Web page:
How Indian art teachers are different from American art teachers?(Part 1 of 3)
(Disclaimer: This article is based on my limited exposure to the world of art and interaction with teachers in the two countries. I admit it does not represent the universe and someone else’s perspective could be far from what I have narrated here. Use of “She” is just to avoid mentioning both the genders)
The casual Indian approach to everything in life permeates to the world of art as well. This is what I experienced while taking guidance from art teachers in India and America. My observations can be described under the following topics.
1. Supply list
2. Specifications of supplies
3. Attention to details
4. Explaining the technique
5. Critiquing the works
7. Explaining while demonstrating
9. Painting by students
1. Supply list:
An art teacher in the US would list out the items that a student must possess while coming to the class. It would be a printed document with no scope for ambiguity. An Indian teacher would verbalize and keep changing the list each time she talks to a student with the result that the student is invariably ill prepared to paint.
2. Specifications of supplies:
An art teacher in the US would specify each item so that the list of supplies is not only complete it is of specifications suitable for the painting exercise that is intended.
Take the case of paper – the most important constituent of a watercolor painting. She would specify the watercolor paper in entirety-the size (22’x30” or….), the weight per square meter (300gsm or….), the finish(cold pressed, hot pressed, fine, roughor…), the brand (Arches, Fabriano, or…), and the configuration (loose, block pad or….). A teacher in India would either not even know the details of the paper and which type is used in which case; or she would hesitate to share the knowledge with the students. I have seen students in India using bond paper or cartridge paper for watercolor painting. No wonder they feel frustrated with results and give up too soon.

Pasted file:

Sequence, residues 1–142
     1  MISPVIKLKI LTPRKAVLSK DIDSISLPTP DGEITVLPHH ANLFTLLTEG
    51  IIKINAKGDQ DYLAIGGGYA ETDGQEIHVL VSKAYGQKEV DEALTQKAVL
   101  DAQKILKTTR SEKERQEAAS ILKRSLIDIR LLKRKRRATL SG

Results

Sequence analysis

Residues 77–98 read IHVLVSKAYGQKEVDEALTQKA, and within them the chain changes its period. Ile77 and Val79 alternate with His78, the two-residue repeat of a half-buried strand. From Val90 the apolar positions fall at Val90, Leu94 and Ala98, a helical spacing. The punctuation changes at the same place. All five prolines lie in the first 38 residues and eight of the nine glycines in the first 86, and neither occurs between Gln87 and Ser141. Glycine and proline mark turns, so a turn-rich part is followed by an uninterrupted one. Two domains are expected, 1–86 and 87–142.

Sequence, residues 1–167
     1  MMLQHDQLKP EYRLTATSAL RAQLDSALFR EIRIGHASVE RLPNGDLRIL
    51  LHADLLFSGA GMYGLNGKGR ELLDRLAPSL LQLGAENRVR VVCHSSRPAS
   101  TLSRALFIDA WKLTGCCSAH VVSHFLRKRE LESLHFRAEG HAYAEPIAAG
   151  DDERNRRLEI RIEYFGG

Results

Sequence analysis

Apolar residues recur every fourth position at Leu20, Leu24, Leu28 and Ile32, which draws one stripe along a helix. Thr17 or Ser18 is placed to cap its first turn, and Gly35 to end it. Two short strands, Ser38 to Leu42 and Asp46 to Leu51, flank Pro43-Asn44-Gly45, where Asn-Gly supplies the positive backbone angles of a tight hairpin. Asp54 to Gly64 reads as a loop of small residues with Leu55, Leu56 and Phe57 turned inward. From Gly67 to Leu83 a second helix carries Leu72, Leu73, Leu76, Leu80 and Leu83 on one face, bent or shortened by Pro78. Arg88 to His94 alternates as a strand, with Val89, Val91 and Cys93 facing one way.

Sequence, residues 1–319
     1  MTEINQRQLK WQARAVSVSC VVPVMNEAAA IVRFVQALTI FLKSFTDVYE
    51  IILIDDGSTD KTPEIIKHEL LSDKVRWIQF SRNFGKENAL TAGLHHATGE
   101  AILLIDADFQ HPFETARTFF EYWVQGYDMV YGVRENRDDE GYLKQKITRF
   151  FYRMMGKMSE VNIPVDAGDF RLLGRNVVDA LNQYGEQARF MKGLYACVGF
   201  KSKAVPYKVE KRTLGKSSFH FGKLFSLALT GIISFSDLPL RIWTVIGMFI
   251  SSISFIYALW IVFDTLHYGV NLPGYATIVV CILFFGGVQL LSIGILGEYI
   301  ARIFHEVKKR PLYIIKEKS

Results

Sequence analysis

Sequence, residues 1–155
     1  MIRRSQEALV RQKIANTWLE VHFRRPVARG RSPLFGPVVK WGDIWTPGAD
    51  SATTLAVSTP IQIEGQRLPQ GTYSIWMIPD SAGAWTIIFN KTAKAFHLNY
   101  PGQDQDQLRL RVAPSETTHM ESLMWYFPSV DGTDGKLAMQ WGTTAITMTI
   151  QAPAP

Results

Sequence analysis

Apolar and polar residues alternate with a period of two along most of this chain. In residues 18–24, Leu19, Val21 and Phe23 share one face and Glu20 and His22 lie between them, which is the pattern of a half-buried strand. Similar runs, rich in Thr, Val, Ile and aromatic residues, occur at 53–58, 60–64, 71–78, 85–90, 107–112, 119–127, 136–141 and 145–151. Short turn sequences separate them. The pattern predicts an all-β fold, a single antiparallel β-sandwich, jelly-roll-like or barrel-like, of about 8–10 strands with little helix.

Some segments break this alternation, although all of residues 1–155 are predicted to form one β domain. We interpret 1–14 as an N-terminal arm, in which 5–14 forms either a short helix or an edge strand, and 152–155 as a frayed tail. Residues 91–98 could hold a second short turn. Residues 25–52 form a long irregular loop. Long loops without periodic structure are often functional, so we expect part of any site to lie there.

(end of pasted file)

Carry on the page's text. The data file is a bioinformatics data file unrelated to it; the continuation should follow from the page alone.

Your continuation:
Coming to the brushes, a teacher in the US would prescribe what size, what shape, what length, what hair and what brands. A teacher in India would harp on Sable hairbrush without realizing that its price is just impossible to afford and moreover, the fact that Sable hair is not available as it is banned.
Next come the paints. An Indian teacher wouldn’t know or talk about the color fastness, the meaning of different series, the degree of transparency of different watercolors and how to deploy that property. Even the list would be incomplete.
Then comes the water for painting. I have seen students in India using a tiny, flimsy, and dirty container for watercolor painting, whereas one should be having at least a 1.5 liter pail. My teacher in America would recommend not one but two pails, one for cleaning and another for taking fresh clean water.
(To be continued in next blog)